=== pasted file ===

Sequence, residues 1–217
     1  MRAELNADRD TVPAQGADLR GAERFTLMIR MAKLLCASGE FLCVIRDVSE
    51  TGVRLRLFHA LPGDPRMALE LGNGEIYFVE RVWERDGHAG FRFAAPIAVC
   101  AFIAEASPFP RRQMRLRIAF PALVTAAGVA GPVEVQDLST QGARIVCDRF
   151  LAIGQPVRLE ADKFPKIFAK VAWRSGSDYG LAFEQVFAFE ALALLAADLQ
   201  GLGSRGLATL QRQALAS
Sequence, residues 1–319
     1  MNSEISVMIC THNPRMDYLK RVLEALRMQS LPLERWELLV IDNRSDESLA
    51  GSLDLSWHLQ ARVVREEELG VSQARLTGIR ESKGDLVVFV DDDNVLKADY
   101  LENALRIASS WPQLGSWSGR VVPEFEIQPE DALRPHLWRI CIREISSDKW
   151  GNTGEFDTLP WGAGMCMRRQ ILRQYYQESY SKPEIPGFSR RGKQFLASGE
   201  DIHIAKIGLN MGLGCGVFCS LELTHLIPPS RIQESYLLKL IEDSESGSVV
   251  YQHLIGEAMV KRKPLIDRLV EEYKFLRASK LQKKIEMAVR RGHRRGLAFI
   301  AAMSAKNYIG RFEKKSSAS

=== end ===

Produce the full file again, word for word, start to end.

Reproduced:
Sequence, residues 1–217
     1  MRAELNADRD TVPAQGADLR GAERFTLMIR MAKLLCASGE FLCVIRDVSE
    51  TGVRLRLFHA LPGDPRMALE LGNGEIYFVE RVWERDGHAG FRFAAPIAVC
   101  AFIAEASPFP RRQMRLRIAF PALVTAAGVA GPVEVQDLST QGARIVCDRF
   151  LAIGQPVRLE ADKFPKIFAK VAWRSGSDYG LAFEQVFAFE ALALLAADLQ
   201  GLGSRGLATL QRQALAS
Sequence, residues 1–319
     1  MNSEISVMIC THNPRMDYLK RVLEALRMQS LPLERWELLV IDNRSDESLA
    51  GSLDLSWHLQ ARVVREEELG VSQARLTGIR ESKGDLVVFV DDDNVLKADY
   101  LENALRIASS WPQLGSWSGR VVPEFEIQPE DALRPHLWRI CIREISSDKW
   151  GNTGEFDTLP WGAGMCMRRQ ILRQYYQESY SKPEIPGFSR RGKQFLASGE
   201  DIHIAKIGLN MGLGCGVFCS LELTHLIPPS RIQESYLLKL IEDSESGSVV
   251  YQHLIGEAMV KRKPLIDRLV EEYKFLRASK LQKKIEMAVR RGHRRGLAFI
   301  AAMSAKNYIG RFEKKSSAS